January 11, 2009
I appeal to you, brothers, in the name of our Lord Jesus Christ, that all of you agree with one another so that there may be no divisions among you and that you may be perfectly united in mind and thought …Is Christ divided?
Divisions happen too easily in churches, and we can excuse these matters in our own consciences with the thought that there is something wrong with my brother, in what he believes, in how he acts, or in any number of things about him. In these days of Christian denominationalism where we are able to worship with whom we want, we also easily forget the importance of the getting along with other groups of believers.
To the troubled but dynamic church at Corinth Paul wrote to them about the foundations of Christian unity and he made his first argument along the lines of their identification as believers. They had one Lord who had called them to lives of obedience, who had sanctified them with the Holy Spirit, who was faithful to them and had called them into fellowship with Christ. That factor outweighed all other factors.
The same is true with us, that the reality of the work of God in our lives outweighs other factors that would divide us. Christ is not divided and his work is singular. We are wise if we consider this factor. Every member of the local church, and every true believer in Christ is our extended family of faith and are precious to our Lord and should be precious to us. Paul urged the Corinthians to come to unity “in mind and thought,” meaning that the recognized the fact of their common identity in Christ.
Unity is a spiritual matter. We cannot say that we are walking with God if we are not seeking also to get along with our brothers and sisters in Christ. To fulfill this does not require a false acceptance that denies issues that may divide us, rather it understands the greater reality of our common identity in Christ and from that perspective puts aside these other relatively minor details. When parents call children to dinner these children come into the same home and sit at the same table and eat of the same meal, and in Christ we have each heard the same call of the Spirit, sat at the same table of grace, and shared of the life of Christ.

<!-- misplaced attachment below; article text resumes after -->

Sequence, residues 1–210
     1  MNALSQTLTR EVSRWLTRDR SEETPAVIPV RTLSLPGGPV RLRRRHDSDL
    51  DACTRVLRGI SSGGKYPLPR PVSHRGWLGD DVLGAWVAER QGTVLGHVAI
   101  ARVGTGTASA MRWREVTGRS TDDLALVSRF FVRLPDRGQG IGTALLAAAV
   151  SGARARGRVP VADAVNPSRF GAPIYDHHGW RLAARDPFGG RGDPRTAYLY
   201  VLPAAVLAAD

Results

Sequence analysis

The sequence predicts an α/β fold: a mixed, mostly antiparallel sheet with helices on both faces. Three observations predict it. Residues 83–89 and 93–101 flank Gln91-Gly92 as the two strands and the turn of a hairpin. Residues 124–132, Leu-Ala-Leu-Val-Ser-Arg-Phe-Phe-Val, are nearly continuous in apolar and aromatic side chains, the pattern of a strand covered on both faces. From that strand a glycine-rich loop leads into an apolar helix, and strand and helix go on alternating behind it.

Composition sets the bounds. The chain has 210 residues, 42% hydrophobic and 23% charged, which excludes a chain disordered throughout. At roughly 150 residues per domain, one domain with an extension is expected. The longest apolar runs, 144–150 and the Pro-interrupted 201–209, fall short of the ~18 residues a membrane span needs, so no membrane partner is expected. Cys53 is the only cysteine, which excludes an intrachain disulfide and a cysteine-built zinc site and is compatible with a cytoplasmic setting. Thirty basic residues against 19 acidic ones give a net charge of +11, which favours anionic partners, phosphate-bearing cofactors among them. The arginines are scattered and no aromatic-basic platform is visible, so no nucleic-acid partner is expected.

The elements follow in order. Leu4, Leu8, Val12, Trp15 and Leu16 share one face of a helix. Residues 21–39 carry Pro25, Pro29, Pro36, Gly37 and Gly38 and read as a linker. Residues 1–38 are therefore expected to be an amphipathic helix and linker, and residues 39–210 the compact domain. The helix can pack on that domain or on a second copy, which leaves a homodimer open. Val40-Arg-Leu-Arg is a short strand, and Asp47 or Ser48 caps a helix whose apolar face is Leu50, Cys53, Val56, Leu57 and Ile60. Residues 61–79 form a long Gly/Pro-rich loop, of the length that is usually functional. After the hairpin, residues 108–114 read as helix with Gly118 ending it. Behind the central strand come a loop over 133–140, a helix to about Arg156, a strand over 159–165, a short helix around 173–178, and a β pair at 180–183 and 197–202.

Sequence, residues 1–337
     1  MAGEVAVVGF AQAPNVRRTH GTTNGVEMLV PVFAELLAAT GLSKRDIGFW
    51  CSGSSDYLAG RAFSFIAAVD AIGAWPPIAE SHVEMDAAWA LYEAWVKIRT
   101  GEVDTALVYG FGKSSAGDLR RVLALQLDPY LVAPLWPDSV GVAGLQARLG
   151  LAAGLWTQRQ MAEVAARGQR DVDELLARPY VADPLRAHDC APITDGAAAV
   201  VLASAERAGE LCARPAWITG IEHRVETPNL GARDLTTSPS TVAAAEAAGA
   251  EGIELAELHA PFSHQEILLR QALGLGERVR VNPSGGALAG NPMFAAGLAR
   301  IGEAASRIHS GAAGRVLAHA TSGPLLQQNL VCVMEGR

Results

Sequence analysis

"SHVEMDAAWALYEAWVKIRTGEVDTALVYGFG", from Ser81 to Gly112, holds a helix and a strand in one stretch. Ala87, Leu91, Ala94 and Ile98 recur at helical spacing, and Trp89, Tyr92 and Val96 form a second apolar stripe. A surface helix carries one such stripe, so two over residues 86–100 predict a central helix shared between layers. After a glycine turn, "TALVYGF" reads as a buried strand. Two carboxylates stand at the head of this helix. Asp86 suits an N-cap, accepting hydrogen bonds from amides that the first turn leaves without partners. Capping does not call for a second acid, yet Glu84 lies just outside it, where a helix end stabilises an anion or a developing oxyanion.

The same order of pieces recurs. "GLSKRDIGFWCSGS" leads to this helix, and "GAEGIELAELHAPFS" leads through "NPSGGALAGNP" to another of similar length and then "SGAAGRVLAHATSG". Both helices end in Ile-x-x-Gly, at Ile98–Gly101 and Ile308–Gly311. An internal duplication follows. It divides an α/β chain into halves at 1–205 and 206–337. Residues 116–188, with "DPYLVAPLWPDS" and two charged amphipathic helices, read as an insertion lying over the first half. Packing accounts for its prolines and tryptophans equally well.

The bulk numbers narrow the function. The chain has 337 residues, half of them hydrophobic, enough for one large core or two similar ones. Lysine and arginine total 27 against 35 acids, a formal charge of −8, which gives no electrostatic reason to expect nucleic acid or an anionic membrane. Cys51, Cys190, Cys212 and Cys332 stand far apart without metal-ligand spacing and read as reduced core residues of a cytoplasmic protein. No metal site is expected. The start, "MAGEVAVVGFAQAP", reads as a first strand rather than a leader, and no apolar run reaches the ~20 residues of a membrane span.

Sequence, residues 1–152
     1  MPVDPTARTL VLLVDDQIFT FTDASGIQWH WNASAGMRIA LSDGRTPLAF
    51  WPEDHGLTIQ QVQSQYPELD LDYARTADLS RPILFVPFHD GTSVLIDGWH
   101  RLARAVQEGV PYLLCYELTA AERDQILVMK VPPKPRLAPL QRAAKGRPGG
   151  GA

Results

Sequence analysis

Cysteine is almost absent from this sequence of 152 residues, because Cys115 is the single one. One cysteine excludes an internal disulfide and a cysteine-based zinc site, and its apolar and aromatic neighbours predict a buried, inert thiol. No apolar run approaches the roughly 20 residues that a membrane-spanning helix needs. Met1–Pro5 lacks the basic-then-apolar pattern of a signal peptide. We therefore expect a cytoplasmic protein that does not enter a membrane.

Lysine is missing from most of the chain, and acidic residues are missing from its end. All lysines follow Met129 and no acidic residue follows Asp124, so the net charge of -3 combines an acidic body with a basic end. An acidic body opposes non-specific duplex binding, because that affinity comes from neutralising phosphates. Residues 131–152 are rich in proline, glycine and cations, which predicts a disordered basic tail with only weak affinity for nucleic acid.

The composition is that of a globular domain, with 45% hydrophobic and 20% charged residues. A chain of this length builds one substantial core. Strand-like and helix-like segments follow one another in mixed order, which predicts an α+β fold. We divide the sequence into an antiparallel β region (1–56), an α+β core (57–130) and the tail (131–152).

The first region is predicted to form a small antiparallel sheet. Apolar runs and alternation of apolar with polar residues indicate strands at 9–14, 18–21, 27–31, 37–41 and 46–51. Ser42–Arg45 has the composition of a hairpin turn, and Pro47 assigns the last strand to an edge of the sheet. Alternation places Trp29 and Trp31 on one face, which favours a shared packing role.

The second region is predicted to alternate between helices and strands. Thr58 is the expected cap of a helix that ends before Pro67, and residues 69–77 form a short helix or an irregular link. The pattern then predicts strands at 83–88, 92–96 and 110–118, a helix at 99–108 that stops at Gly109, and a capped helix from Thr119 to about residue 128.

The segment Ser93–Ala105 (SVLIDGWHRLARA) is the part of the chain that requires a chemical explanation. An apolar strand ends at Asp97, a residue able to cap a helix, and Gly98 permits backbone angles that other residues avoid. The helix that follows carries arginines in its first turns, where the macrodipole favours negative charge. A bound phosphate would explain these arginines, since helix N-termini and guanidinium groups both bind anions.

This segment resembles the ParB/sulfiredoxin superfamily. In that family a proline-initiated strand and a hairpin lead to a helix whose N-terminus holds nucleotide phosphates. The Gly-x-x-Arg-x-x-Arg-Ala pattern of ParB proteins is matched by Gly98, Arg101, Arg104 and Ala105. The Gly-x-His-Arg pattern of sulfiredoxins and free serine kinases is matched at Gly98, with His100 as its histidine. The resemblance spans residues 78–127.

Our wounds may be deep, and we may even think it best to keep some distance, for none of us is perfected yet and we can too easily open old wounds again through careless words. But regardless of what we have been through we must understand the heart of God in this matter, that as John wrote,
Anyone who claims to be in the light but hates his brother is still in the darkness. Whoever loves his brother lives in the light, and there is nothing to make him stumble.
1 John 2:9-10
This is a moral matter and one that we must consider the mind of God on and work to get along, to serve, to compassionately care for, and to connect with our family of faith.
Divisions between denominations have historical factors to consider, that the forced unity of the church created an abusive system and corrupted church, and muzzled the voices and perspectives of various parts of the family of faith. We do not wish to return to those days. Though some note the changes in the Catholic Church of today, I doubt we would have seen those changes were it not for the Reformation and the voices of freedom from Protestants and Separatists. Yet even here we must consider that the work of Christ is singular. He is not divided and he has prayed that we may be one, even as he and the Father are one.
Today thank God that you are not alone in your Christian life, that he has given you brothers and sisters in Christ to love you and to strengthen your faith and encourage you. Look for someone whom you can encourage, for there is someone who needs your Christian love. Look beyond your own pet projects, your own perspectives, and even your own denomination to see what God is doing in the world.
Lord, we thank you that you have called us not only to believe in you but to also follow you and to have an entire family of believers who will encourage us in our journey. Without you we are nothing, but without one another we are also weak and easily defeated and discouraged. Give us a good Christian friend and show us someone whom we can encourage as well. Help us with the relationships that are difficult for us, give us the grace to look beyond our differences and see our unity in you, to see the work you are doing in the lives of all who believe in you, to recognize your hand within them and upon them. Amen.